Hanging voluminously—yet nearly imperceptibly—from the ceiling of Fonderie Darling’s main hall, Sarah Stevenson’s sculptures compel unique ways of conceptualizing the absence and presence of form. The six works in her exhibition Before the Storm float weightlessly in the vast industrial space, evoking massive organic yet mechanical objects. The mid-career Montréal-based artist uses vibrant metal wire and fishing line to create diagrammatic sculptures, which, in their weightlessness, transform the air of the hall into a substance—a medium filling the space within and around their skeletal forms. Recalling Ruth Asawa’s woven mesh sculptures, they precipitate the sort of phenomenological engagement with space which high-Minimalism could only have achieved through conspicuously weighty impositions—a self-conscious viewing experience, in which one is compelled to circumnavigate the sculptures in order to comprehend their entirety, becoming aware of one’s own relational presence in the process.
Before the Storm features Stevenson’s largest and most ambitious works to date from her ongoing Wireframe series, begun in 1997, in which bulbous organic shapes are set in dialogue with the geometric, quasi-mathematical precision of their framing. Their form plainly conveys their conceptual origins and subsequent process of creation whereby Stevenson transfers two-dimensional grid diagrams into three-dimensional skeletons. By working in this visual language of architectural precision, Stevenson’s sculptures ask us to consider their existence as pure concept—as that which remains constant between the diagram and the hypothetical solid to which it alludes.
In some works, such as Bean (2021) and Burn (2021), the superimposition of two forms creates a tension whereby one seems poised to subsume the other into its implied mass. Others suggest the imminent arrival or recent departure of monolithic presences, like Nimbus (2021), the largest piece of the exhibition, which floats in the middle of the hall like the ghost of some titanic larval pod; or Spine (2021), which hangs in the sun-lit air—a weightless, fungiform totem. Spinning ever so slightly, as the movement of visitors circulates air around the hall, these works exude an ominous potentiality, a calm before the storm of future change. Thus unsettling the viewer, Stevenson’s sculptures dramatize the relationship between a mutable form and its abiding essence, placing us in an eerie realm of conceptual and sensorial uncertainty.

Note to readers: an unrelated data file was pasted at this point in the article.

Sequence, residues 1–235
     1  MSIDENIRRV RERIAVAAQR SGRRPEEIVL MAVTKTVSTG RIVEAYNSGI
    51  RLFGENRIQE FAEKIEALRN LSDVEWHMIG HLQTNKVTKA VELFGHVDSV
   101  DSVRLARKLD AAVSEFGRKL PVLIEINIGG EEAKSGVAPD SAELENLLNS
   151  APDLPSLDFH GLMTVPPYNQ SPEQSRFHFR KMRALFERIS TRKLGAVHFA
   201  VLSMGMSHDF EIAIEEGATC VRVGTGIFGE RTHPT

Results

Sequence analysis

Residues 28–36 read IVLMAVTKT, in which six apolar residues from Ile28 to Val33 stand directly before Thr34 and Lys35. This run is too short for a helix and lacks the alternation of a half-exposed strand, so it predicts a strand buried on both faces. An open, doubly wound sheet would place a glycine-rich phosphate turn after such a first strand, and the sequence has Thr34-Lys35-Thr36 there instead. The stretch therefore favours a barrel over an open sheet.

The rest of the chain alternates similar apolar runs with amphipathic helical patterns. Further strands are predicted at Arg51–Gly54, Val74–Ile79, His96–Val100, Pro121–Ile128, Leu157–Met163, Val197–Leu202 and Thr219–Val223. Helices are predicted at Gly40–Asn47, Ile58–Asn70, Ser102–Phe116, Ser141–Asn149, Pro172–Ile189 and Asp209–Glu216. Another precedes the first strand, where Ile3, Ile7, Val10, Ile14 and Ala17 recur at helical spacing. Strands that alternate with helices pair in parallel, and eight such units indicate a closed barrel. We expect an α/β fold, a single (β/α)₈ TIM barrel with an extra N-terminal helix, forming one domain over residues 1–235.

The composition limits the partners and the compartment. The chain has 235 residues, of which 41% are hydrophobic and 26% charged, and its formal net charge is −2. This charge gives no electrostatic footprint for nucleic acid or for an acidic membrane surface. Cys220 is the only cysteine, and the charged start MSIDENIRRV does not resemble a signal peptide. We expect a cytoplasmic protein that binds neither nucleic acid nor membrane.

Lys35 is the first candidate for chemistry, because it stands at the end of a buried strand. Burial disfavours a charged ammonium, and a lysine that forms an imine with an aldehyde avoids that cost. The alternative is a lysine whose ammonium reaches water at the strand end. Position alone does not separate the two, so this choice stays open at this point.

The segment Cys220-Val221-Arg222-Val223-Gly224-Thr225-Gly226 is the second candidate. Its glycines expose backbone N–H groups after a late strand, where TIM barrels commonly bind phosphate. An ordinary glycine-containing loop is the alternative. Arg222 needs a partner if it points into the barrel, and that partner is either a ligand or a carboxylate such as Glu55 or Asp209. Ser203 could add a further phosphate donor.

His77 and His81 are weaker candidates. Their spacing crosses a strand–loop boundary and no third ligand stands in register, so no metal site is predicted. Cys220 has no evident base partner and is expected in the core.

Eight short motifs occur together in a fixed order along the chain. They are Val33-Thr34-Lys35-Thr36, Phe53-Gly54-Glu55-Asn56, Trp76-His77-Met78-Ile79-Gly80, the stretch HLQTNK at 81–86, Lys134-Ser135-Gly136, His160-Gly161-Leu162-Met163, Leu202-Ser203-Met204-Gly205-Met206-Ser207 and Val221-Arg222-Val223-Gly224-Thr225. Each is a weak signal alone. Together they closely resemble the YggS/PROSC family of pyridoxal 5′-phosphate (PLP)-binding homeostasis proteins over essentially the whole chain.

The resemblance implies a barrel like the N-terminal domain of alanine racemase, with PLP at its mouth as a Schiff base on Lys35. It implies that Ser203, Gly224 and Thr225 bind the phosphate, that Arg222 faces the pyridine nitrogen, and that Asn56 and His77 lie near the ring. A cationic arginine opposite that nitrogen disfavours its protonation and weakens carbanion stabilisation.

It’s easy to feel disoriented moving through Fonderie Darling as sculptures such as the blue-wired Spike (2021) escape our vision, seeming to fade into thin air. On a bright day, the wires intermittently glint in the sunbeams then nearly disappear as you move away from them, as if they were flickering in and out of material reality. By eluding the gaze, they force us to continually readjust our perspective in order to grasp their form: to alternate between standing at distance then moving closer to see the thousands of nodules—knotted junctures at which delicate wires intertwine and diverge—which compose the frames.
In Before the Storm, Stevenson has created an evanescent sensory experience which evokes perennial questions about the ontology of form, leading us to feel the contingency of our embodied relationship to the objects around us. Her airy sculptures are both conceptually dense and visually delightful—a weightlessly gravid body of work.